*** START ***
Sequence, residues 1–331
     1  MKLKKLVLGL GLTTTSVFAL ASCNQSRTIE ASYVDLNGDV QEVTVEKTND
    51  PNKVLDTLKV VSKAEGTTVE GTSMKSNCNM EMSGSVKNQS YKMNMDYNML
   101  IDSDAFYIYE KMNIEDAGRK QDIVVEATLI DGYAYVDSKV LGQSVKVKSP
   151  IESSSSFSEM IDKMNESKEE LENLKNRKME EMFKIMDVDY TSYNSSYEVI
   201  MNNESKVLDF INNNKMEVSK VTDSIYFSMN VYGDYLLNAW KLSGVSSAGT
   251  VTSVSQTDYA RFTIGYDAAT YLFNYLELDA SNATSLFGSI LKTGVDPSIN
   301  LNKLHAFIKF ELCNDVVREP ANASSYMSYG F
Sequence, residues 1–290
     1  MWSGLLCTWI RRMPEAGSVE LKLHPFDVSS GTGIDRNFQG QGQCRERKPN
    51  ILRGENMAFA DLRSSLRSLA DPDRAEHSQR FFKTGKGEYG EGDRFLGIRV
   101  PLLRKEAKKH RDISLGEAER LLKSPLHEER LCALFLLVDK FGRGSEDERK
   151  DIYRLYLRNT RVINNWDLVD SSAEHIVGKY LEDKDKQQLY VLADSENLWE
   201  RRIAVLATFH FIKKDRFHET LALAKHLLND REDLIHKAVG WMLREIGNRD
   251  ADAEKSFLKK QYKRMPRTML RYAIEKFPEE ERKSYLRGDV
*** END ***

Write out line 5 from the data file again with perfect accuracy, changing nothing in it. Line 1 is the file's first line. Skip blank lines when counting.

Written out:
   151  IESSSSFSEM IDKMNESKEE LENLKNRKME EMFKIMDVDY TSYNSSYEVI